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Schola Cantorum of Texas displays vivid artistry

Posted 11:46am on Tuesday, Oct. 16, 2012

Schola Cantorum of Texas is celebrating its 50th anniversary this season, and on Monday night it gave a grand demonstration of its strengths as a choral ensemble.

With Dr. Jerry McCoy conducting in Arborlawn United Methodist Church, the 72-voice chorus sang a wide-ranging program of 18 brief numbers that ranged in atmosphere from solemn to goofy while capitalizing on the chorus's power, subtlety and beauty of tone.

Most of the pieces were unaccompanied, and in those cases where piano or organ gave support, their sound was generally subdued. The focus was always on the human voice.

The unusual program was a sort of reminiscence of seasons past. Dr. Gary Ebensberger, conductor emeritus of the chorus, opened the evening by recounting some of the high points of his time with the group from 1975 through 2000. All of the pieces that followed, with possibly two exceptions, were works that the group had sung in previous seasons, sometimes on six or seven occasions.

The grand opener was Handel's Zadok the Priest, a glorious, celebratory work that brings to mind some parts of the Messiah. There was joy, strength and unity in the chorus's presentation.

The remaining seven pieces in the opening group tended to be peaceful in atmosphere, though a movement from a Brahms motet had a powerful conclusion. The work that most moved me was a movement from Rachmaninoff's Vespers, a lovely piece that in its subdued atmosphere of religious devotion is far from the kind of music we generally associate with the composer.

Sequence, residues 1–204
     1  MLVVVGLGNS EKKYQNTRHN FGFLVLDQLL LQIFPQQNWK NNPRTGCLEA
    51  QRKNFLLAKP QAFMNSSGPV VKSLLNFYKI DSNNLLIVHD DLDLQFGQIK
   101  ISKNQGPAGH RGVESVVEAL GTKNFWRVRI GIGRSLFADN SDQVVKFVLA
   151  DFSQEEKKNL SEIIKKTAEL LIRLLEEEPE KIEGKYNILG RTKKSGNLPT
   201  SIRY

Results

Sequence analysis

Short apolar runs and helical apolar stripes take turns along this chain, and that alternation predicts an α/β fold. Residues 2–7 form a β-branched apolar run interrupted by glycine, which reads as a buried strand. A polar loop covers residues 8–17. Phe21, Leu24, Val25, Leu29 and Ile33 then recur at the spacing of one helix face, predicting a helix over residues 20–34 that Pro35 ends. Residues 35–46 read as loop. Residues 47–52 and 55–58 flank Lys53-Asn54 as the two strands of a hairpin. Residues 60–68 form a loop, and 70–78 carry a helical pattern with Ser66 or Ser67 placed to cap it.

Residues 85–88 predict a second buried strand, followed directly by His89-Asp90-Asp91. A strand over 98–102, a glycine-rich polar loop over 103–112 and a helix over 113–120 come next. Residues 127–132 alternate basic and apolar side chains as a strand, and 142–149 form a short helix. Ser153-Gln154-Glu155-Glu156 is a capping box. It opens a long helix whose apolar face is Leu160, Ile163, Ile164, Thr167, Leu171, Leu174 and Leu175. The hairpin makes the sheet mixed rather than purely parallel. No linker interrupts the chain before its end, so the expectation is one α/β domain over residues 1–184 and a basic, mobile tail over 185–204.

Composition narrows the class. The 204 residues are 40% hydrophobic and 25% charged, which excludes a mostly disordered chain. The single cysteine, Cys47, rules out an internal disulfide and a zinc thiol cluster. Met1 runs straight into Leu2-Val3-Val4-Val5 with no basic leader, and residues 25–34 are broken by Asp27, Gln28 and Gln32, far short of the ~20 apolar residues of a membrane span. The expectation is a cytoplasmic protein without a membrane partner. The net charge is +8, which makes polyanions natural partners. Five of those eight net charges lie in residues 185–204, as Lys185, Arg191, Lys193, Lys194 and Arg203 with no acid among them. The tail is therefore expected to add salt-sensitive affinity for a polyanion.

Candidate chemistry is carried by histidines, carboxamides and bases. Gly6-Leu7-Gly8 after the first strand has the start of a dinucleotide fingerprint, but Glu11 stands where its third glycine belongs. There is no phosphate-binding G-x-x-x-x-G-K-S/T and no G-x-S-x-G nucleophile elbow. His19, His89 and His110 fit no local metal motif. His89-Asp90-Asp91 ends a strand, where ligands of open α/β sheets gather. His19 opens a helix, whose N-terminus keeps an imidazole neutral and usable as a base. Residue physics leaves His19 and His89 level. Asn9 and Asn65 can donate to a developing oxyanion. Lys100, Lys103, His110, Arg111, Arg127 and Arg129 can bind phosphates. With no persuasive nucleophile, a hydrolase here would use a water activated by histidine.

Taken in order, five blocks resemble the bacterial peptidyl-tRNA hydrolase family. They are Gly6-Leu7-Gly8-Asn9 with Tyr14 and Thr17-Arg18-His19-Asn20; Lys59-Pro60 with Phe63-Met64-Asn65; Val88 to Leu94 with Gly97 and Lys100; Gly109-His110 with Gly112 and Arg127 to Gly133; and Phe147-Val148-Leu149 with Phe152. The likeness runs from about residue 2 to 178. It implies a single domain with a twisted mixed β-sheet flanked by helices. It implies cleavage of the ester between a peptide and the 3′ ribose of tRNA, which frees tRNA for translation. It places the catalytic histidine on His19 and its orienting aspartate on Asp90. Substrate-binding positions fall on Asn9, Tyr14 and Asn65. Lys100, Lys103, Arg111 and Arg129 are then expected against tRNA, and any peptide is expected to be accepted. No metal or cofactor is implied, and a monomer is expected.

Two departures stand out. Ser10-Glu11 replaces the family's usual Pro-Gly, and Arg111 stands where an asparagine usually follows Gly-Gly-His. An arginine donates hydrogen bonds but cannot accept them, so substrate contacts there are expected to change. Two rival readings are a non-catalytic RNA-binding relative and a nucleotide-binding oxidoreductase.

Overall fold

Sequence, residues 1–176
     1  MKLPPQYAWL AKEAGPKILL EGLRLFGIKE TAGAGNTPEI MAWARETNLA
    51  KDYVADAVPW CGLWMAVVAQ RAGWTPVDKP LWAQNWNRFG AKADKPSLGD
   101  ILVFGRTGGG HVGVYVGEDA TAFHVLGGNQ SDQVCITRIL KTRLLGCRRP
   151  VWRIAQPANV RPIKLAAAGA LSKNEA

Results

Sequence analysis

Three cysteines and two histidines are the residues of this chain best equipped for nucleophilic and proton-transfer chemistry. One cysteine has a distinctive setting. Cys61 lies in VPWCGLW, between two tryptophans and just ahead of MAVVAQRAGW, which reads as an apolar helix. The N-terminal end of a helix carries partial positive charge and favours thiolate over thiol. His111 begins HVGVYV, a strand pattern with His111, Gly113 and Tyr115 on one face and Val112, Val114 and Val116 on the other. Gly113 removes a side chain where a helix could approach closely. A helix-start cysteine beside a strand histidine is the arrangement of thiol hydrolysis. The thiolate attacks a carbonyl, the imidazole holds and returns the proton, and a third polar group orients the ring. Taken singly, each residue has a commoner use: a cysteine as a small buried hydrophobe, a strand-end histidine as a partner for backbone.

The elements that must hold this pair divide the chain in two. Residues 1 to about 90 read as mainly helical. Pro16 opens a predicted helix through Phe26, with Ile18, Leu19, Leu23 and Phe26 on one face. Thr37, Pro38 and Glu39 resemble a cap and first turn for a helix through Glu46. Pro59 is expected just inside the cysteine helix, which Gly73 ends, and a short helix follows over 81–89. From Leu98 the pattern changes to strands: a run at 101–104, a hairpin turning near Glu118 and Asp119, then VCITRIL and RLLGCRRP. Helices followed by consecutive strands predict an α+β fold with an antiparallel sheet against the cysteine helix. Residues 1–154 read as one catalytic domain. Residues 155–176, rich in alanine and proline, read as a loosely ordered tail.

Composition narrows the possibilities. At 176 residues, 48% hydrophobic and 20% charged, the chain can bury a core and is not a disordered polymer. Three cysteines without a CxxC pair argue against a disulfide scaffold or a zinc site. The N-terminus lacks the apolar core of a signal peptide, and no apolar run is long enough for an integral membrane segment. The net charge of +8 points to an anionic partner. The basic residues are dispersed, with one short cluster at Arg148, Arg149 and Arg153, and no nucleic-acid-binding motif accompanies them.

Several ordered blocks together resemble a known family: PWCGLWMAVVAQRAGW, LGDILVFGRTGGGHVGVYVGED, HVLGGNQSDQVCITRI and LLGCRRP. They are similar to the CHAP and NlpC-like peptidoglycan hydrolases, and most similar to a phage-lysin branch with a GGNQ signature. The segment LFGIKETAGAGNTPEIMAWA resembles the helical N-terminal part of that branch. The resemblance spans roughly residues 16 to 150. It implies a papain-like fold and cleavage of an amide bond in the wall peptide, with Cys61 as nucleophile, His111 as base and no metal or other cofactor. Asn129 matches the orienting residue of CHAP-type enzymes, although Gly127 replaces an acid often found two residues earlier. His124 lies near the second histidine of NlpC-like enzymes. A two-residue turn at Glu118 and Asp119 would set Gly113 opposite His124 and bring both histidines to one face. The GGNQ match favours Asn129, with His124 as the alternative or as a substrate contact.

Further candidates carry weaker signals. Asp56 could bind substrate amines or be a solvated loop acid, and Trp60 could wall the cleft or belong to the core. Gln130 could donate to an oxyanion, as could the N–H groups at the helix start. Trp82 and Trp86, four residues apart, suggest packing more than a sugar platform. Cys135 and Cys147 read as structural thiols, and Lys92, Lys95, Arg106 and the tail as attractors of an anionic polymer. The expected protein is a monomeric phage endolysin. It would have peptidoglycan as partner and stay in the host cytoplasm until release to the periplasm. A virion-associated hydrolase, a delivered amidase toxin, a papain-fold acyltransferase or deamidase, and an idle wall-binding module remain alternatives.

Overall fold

The Schola Cantorum split into two smaller units for a couple of the program's groups. One, the 24-voice Schola Cantorum Chamber Choir, gave a lovely and moving performance of the oldest work of the evening, a Palestrina Alma Redemptoris Mater, as the highlight of a group of religious-themed compositions from the Renaissance and Baroque eras.

Schola Lite, a nine-member chorus, provided some comic relief with Mamas, Don't Let Your Babies Grow Up to Be Choirboys and The Yellow Rose of Texas sung in German, of all things.

The full chorus again wound up the program with a group from more recent times (excepting one Brahms Liebeslieder Waltz). Morten Lourdes's Dirait-on and Norman Dello Joio's Come to Me, My Love were striking highlights.

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